Let's doff the rose-colored glasses and look this monster straight in its pustulant, ugly face. While everyone likes a good spooky story now and then, horror is not a genre with mass appeal. It never had been. It never will. Between 1920 and 1950, while science fiction, detective, and -- yes -- western magazines proliferated, there was really only one market for horror fiction, Weird Tales. With the death of Weird Tales in 1954, horror was relatively moribund as a fiction genre (although films did pretty well) until Stephen King started topping the bestseller charts in the 1980s. You can cite all the units-shipped statistics for King, or million copy print runs for Anne Rice that you want, but they don't translate as indicators of genre popularity. Publishers thought they did in the 1980s, and the clone-the-competition mentality that drove publishing then pushed one house after another to start its own horror line. Has everyone forgotten the '80s already? There was more money to spend more frivolously. Belts are tighter in the '90s, and fantasy and science fiction as well as horror have suffered diminishing sales. Don't take my word for it -- consult the statistics reported in the February 1999 Locus.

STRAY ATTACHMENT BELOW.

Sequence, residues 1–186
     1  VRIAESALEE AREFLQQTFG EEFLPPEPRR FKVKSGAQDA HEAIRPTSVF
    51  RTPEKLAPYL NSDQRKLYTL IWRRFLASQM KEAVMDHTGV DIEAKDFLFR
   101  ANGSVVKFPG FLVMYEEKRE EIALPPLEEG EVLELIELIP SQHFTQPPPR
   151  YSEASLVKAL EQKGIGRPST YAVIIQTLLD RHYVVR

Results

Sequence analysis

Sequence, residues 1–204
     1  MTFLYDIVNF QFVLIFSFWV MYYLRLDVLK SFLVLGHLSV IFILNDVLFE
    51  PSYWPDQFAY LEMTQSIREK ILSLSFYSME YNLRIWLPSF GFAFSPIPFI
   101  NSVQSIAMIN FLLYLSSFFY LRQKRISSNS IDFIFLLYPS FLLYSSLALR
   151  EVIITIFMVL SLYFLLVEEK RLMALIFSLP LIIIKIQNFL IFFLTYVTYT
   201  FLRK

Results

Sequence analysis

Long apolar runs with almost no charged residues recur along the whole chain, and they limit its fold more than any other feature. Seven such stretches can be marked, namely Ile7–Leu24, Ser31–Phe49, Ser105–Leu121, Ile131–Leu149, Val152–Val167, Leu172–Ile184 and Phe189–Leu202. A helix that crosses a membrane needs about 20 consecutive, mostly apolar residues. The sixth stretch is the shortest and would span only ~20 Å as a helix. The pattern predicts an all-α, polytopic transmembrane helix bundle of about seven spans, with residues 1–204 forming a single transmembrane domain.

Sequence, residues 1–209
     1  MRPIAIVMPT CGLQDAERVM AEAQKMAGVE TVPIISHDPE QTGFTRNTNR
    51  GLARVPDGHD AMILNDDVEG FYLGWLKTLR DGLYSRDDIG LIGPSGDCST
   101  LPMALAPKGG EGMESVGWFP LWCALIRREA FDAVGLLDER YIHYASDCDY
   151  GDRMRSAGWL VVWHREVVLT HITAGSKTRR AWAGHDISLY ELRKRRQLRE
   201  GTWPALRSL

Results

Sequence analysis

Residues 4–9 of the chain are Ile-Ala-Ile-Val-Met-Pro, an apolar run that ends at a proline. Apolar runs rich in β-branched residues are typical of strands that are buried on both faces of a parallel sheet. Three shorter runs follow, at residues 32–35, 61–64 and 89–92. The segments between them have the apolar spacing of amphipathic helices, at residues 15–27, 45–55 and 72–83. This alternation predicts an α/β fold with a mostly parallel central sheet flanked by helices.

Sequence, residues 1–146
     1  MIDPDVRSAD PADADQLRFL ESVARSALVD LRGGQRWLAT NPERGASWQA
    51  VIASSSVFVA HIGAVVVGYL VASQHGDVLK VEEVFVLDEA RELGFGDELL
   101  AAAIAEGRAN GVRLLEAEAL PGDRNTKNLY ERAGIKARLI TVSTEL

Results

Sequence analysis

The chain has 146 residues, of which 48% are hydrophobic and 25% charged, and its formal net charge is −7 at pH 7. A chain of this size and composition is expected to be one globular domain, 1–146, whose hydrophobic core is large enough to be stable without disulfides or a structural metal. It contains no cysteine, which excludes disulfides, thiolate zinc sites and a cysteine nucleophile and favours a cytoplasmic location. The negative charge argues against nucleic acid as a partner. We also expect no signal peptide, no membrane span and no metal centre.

Those statistics are significant for what they reveal -- namely that horror, even during the so-called boom years, was a smaller market than fantasy or science fiction. Those statistics are also significant for what they don't reveal: namely, that when gross numbers are small, even tiny fluctuations seem large. Some time between 1986 and 1988, the number of horror titles published increased by nearly 100 percent -- which is to say that the total number of horror titles increased from slightly less than 100 per year to slightly less than 200. That was still pretty puny in comparison to fantasy and science fiction totals. Locus reports that only 110 original horror novels were published in 1998 -- a significant decline from the heady 1995 totals of 193 novels, but anywhere from 2 to 3 times the number of titles that were being published between 1983 and 1985, when some of the best work in the field (Campbell's Incarnate, King's Pet Sematary, McCammon's Usher's Passing, Barker's Books of Blood, Rice's The Vampire Lestat, and so on). The moral of the story is that "boom" and "bust" are relative distinctions.